endometrial hyperplasia


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endometrial hyperplasia

increase in the number of endometrial glands, usually secondary to hyperestrinism; classified as simple hyperplasia, complex hyperplasia, or complex hyperplasia with atypia; the latter may progress to adenocarcinoma.

endometrial hyperplasia

an abnormal condition characterized by overgrowth of the endometrium resulting from sustained stimulation by estrogen (of endogenous or exogenous origin) that is not opposed by progesterone. Estrogen acts as a growth hormone for the endometrium. Through a complex intercellular mechanism, endometrial cells bind estrogen preferentially and undergo changes characteristic of the proliferative phase of the menstrual cycle. If estrogen stimulation continues for 3 to 6 months without periodic cessation or counteractive progesterone stimulation, as occurs in anovulatory or perimenopausal women and in those receiving replacement estrogen without added progestogen, the endometrium becomes abnormally thickened and glandularized. Unremitting estrogen stimulation eventually causes cystic or adenomatous endometrial hyperplasia. The latter is a premalignant lesion that undergoes malignant degeneration in approximately 25% of cases. The causative relationship between estrogen and endometrial hyperplasia is well established; there is some indication but no proof that estrogen also provokes the change from hyperplasia to neoplasia and malignancy. Endometrial hyperplasia often results in abnormal uterine bleeding. Such bleeding, particularly in older women, constitutes an indication for biopsy or curettage of the endometrium to establish histopathological diagnosis and to rule out malignancy. A functioning estrogen-secreting tumor is suspected if the woman is not taking estrogen medication. Progestogen therapy is effective in reversing the abnormal histopathological changes of endometrial hyperplasia. If hyperplasia is adenomatous, hysterectomy is commonly performed.

endometrial hyperplasia

Adenomatous hyperplasia of endometrium Gynecology A premalignant endometrial lesion of older ♀
Endometrial hyperplasia
Hyperplasia without atypia Glands are crowded w/o cytologic atypia; these have a < 2% progress to carcinoma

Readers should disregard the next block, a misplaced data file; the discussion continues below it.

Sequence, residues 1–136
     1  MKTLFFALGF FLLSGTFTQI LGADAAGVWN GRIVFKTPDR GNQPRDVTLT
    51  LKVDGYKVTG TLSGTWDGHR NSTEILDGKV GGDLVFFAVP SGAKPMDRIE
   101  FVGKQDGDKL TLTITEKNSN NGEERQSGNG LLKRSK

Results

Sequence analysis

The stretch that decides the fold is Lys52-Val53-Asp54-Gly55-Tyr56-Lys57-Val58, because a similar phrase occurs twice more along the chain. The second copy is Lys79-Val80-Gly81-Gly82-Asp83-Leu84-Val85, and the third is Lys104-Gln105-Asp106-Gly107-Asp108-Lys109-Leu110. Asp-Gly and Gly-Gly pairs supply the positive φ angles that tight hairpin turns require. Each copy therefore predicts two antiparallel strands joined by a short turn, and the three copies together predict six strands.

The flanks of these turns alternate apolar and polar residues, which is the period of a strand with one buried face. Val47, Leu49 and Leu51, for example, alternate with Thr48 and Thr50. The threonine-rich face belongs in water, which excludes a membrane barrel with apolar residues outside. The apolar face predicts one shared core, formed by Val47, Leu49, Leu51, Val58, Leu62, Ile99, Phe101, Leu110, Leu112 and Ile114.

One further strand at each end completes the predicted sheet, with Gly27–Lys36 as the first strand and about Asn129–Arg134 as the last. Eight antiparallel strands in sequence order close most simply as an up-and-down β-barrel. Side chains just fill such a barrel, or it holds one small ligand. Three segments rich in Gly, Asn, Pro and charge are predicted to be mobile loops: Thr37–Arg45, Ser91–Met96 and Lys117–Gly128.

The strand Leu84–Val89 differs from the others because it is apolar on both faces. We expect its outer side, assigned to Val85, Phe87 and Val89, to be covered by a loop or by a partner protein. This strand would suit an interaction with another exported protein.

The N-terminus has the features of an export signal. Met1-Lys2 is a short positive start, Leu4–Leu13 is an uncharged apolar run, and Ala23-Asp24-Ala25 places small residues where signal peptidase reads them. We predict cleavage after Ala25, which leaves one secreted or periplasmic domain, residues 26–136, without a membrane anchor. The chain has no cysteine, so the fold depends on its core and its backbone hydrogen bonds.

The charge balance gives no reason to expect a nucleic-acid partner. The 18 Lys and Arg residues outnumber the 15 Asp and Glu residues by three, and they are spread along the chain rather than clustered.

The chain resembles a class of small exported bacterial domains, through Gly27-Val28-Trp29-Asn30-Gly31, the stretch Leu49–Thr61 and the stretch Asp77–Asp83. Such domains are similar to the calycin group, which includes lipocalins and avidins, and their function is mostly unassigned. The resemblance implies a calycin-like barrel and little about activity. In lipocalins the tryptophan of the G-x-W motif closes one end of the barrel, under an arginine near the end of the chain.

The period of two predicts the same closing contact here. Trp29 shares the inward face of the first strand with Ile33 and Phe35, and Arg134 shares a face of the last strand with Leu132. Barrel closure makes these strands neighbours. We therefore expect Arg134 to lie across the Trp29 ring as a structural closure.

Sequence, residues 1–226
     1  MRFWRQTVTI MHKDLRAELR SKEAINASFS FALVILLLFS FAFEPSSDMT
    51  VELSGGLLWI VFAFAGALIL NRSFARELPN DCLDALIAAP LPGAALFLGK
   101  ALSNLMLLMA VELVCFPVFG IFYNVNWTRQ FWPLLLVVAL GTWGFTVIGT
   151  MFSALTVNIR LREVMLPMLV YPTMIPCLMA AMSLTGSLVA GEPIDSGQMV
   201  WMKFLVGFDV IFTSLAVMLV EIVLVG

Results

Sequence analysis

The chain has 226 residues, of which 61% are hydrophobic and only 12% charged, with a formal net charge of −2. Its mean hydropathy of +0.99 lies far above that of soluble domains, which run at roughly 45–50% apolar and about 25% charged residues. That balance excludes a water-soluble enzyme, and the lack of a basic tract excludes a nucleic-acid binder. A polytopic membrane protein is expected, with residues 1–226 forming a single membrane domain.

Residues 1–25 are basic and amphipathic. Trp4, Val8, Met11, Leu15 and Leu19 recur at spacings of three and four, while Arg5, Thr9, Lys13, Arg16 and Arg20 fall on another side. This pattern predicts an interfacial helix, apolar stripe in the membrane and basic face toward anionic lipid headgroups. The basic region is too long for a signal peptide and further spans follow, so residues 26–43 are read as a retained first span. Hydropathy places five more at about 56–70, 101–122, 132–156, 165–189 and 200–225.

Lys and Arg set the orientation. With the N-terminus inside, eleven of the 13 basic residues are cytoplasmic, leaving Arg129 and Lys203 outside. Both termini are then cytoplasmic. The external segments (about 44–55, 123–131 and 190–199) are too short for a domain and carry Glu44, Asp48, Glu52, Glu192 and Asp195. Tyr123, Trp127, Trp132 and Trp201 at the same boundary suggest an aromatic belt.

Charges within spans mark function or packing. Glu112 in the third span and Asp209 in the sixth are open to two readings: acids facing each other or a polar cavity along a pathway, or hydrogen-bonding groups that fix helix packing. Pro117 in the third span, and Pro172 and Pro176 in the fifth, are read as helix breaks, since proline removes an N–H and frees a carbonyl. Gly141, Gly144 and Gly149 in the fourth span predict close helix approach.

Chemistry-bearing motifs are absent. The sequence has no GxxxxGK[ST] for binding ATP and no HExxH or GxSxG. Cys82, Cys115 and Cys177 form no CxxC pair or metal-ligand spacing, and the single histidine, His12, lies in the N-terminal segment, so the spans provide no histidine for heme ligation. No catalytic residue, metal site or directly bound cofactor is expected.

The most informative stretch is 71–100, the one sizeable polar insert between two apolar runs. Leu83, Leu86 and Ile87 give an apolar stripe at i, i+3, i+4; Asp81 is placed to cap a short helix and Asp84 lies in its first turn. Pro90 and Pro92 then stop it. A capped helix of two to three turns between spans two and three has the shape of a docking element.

Simple hyperplasia Glands are not back-to-back
Complex hyperplasia Glands are back-to-back
Hyperplasia with atypia Glands are crowded with cytologic atypia; ± 23% progress to carcinoma

en·do·me·tri·al hy·per·pla·si·a

(en'dō-mē'trē-ăl hī'pĕr-plā'zē-ă)
Increase in the number of endometrial glands, usually secondary to hyperestrinism; classified as simple hyperplasia, complex hyperplasia, or complex hyperplasia with atypia; the latter may progress to adenocarcinoma.
References in periodicals archive ?
Adding to the already robust reimbursement for saline-infused sonogram (especially 3-D) used in the diagnosis of abnormal uterine bleeding, endometrial polyps, retained products of conception and endometrial hyperplasia, hysteroscopic diagnosis and treatment offers overall very favorable compensation when performed in an in-office setting.
Benign lesions presented in combination with each other predominantly endometrial hyperplasia, polyp, prolapsed uterus, fibroid, erosion of cervix, cervical dysplasia.
According to the company, the submission includes a comprehensive, systematic review of the medical literature on the use of vaginal estrogen products and the risk of endometrial hyperplasia or cancer, including the safety data from the recently published Women's Health Initiative Observational Study of vaginal estrogen use in postmenopausal women and information on the relevance of the first uterine pass effect for low-dose vaginal estrogen products.
The most common pathology observed in the study was endometrial hyperplasia in 392 (25.
The safety cohort included all women who took at least one capsule of the study drug, whose vasomotor severity did not qualify them for the efficacy substudy, tracking the incidence of endometrial hyperplasia out to 1 year for those who participated in the extended safety portion and the incidence of other adverse and serious adverse events.
As we move toward a value-based health care model, study data indicate that we consider obesity over age as a risk factor for endometrial hyperplasia, the LNG-IUD for treatment of heavy bleeding in obese patients, and diagnostic hysteroscopy in the office versus the operating room
Objective: To determine the frequency of endometrial hyperplasia in histopathology of endometrial curettings in perimenopausal women with abnormal uterine bleeding.
Among them, 29 cases were atypical endometrial hyperplasia (11 cases) or carcinoma (18 cases) confirmed by histology evaluation.
In infertile women various types of endometrial hyperplasia are not commonly found which is also reflected in our study as simple hyperplasia in 1.
Evidence from two new studies from the Perelman School of Medicine at the University of Pennsylvania suggest that metformin improves survival for some breast cancer patients and shows promise as a treatment for patients diagnosed with endometrial hyperplasia.
The most common organic causes for abnormal uterine bleeding include endometrial polyps, uterus leiomyomas, endometrial hyperplasia and endometrium cancer.